(1926 – 2021)
A Modular Approach
Gould Hall Collaboration
Gene Zema was born on September 2, 1926 and grew up on a farm in the Sacramento Valley in California. He began studies at the University of Washington in 1944. Although he initially studied Engineering, he changed his course of program to Architecture after returning to school from service in the Navy during World War II. He completed his Bachelor of Architecture degree at the University of Washington in 1950.
Zema received his architectural license in 1951 and joined the AIA that same year. He worked for a variety of architectural firms before opening his own practice in 1953. Located in Seattle’s Eastlake neighborhood (200 East Boston), the office was a strong testament to the skills of the young designer and helped him receive many notable architectural commissions over the next 30 years. Zema shared this office with A.O. Bumgardner, and they formed a partnership to work on larger projects. They each maintained their private residential practices during this time and the partnership lasted only a few years. As partners, the two were invited in 1955 to produce a prototypical residential design for the Grand Rapids (MI) Homestyle Center exhibit featuring nationally known architects. Their design represented a “budget house for…the Pacific Northwest utilizing natural materials.” In the early 1950s, Zema had designed a number of standard builder’s plans for the development of Bridle Trails Park in Bellevue, WA, which were very similar to the Homestyle Center model he designed later with Bumgardner.
Zema holds the distinction of receiving the first Seattle AIA Home of the Year award in 1955 for his own dwelling completed in 1954 (16040 35th NE, Sheridan Heights). Other award-winning homes were the Holm residence in Richmond Beach (built 1956, AIA honor award 1962), and the Lupton residence (1961) on Mercer Island, which was awarded both a Home of the Year award in 1961 and an Honor Award in 1962. Other notable residential buildings in and around Seattle included the Stephen House (1967) and his own home in Laurelhurst (1965).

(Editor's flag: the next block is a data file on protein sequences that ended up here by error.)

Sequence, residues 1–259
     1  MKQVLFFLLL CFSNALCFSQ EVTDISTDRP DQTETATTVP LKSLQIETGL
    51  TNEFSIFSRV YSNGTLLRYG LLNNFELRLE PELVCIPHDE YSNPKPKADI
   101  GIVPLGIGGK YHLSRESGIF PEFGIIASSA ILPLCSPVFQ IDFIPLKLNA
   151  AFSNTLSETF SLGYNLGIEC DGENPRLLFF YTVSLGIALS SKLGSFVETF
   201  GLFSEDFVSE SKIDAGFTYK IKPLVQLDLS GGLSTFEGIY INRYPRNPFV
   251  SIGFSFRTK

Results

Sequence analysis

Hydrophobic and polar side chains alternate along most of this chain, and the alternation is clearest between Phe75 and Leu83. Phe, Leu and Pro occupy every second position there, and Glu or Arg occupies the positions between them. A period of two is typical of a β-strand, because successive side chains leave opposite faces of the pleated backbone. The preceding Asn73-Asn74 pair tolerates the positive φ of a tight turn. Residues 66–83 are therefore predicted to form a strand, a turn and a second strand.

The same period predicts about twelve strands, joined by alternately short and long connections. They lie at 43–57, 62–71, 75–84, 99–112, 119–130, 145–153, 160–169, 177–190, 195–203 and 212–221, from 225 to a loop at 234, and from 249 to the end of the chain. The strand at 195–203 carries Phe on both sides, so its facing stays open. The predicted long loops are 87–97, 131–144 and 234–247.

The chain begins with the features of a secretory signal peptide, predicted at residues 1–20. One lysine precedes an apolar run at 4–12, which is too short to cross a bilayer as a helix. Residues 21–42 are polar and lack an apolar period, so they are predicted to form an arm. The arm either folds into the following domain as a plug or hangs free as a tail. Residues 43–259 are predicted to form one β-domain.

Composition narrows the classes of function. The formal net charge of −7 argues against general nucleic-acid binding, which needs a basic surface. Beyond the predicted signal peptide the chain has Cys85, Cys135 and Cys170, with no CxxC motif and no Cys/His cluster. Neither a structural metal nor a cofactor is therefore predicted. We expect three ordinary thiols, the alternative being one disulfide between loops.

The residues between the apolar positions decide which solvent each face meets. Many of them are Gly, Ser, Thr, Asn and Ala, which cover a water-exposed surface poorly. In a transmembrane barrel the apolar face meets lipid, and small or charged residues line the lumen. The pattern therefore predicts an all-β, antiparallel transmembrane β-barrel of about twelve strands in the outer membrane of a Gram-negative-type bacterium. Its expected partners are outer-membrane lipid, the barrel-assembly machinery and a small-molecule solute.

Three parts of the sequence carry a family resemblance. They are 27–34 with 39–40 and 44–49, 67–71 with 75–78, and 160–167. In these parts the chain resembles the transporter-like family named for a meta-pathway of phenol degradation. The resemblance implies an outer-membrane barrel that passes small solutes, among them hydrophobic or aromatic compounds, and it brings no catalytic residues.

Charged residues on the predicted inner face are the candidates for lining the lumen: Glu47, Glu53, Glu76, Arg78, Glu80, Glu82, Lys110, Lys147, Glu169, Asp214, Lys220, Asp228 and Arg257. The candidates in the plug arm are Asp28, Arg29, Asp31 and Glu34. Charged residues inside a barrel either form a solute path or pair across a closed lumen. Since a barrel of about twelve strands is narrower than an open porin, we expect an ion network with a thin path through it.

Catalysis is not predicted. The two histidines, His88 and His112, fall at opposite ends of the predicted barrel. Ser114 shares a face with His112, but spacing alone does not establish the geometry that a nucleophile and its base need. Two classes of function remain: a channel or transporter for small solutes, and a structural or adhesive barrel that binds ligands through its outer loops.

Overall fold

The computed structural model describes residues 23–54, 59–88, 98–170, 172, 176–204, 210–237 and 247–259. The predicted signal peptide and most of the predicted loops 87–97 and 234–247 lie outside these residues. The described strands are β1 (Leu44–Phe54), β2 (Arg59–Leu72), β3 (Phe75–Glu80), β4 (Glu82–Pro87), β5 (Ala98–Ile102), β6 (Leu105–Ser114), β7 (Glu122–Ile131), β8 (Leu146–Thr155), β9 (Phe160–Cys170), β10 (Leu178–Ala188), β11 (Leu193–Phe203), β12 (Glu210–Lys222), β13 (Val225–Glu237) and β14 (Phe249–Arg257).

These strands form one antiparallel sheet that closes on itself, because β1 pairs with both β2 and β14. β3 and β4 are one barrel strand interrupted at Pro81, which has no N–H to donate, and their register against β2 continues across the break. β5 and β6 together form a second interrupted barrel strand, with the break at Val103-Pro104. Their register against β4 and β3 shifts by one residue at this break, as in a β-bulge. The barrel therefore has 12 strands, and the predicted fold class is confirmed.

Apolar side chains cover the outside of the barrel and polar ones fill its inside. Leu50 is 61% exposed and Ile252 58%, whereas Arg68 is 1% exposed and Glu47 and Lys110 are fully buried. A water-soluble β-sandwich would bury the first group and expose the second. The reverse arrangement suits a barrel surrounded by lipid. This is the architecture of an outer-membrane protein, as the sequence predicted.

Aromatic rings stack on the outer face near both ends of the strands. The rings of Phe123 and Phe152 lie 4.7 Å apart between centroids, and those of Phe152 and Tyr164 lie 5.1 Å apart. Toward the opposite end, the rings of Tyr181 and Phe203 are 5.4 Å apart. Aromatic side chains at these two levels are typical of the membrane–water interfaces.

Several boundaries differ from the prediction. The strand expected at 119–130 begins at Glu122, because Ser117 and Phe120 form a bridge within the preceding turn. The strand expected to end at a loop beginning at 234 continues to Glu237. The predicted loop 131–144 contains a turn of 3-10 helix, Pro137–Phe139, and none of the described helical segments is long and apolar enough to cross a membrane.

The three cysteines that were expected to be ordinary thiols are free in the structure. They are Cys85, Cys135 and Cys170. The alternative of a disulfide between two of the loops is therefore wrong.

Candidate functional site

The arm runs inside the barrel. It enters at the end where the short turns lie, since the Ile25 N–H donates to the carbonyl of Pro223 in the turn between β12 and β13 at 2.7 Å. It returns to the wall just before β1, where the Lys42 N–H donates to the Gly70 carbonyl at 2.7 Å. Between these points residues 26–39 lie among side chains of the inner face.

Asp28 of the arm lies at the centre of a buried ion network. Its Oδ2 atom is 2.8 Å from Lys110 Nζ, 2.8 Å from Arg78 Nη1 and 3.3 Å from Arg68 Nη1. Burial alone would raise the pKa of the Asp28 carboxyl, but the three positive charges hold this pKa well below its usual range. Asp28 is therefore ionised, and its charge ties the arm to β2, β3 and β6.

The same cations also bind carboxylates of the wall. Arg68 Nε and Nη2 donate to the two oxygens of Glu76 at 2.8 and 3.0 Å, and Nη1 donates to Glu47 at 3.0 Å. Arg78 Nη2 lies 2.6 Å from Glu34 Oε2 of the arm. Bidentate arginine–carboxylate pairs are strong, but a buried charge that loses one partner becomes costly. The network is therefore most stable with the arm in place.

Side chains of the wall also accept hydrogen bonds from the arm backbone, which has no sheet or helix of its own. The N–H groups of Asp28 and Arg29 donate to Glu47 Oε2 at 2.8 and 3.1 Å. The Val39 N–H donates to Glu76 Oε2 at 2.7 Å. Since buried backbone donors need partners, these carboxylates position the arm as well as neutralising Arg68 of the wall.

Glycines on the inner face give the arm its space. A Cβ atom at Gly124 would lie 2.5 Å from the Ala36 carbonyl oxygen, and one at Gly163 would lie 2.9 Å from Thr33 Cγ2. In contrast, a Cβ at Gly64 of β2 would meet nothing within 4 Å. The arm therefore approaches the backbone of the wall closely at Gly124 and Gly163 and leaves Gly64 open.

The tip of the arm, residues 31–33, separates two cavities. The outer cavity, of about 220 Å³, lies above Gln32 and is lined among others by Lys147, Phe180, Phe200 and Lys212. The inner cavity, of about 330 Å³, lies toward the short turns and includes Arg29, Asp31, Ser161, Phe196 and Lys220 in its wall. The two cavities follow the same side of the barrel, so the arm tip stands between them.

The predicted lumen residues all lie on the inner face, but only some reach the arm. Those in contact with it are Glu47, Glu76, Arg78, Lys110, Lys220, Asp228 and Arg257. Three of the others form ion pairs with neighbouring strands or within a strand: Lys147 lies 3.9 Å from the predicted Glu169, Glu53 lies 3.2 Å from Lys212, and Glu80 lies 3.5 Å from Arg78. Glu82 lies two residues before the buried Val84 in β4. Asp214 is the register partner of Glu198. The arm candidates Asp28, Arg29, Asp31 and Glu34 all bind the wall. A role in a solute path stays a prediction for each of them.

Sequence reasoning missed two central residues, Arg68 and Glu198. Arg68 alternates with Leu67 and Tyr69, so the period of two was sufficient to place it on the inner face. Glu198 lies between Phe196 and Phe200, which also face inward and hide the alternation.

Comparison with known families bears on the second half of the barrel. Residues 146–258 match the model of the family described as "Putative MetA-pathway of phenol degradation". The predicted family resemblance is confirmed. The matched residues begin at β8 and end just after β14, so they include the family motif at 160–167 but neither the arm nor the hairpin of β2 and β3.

Zema’s residential and non-residential projects were heavily influenced by the work of Paul Hayden Kirk. Zema especially drew direct inspiration from Kirk’s “how-to” book about clinic design (Doctors’ Offices and Clinics, 1955) for the eight medical and/or dental clinics he designed. These included the Jefferson Park Medical Clinic (1957) on Beacon Hill, the Rice Dental Clinic (1961) in north Seattle, and the Overlake Park Clinic (1963-65) in Bellevue.
His other non-residential projects also include the Wells-Medina Nursery (1968) and Gould Hall at the University of Washington (with Dan Streissguth, 1972). Zema had opened a Japanese antiquities gallery in his office in 1968, which remained in operation through the 1990s (under different ownership). Zema retired from practice in 1976 and built a third home for his family on Whidbey Island in 1983. He and his wife Janet were married for 67 years until her death in 2018. Gene Zema passed away in his Whidbey Island home on October 9, 2021 at the age of 95.
Obituary (Seattle Times)
– Beth Dodrill (with updates by Docomomo US/WEWA)
Oral History Project: Gene Zema participated in Docomomo US/WEWA’s oral history project. He was interviewed in July 2008. A complete transcript can be downloaded on the left sidebar. Segments from the interview can be heard by clicking the audio files on the left sidebar of this page. Photographs in the gallery below were taken by John Stamets for Docomomo US/WEWA in 2008. The Stamets Photography Collection was donated to the University of Washington Special Collections.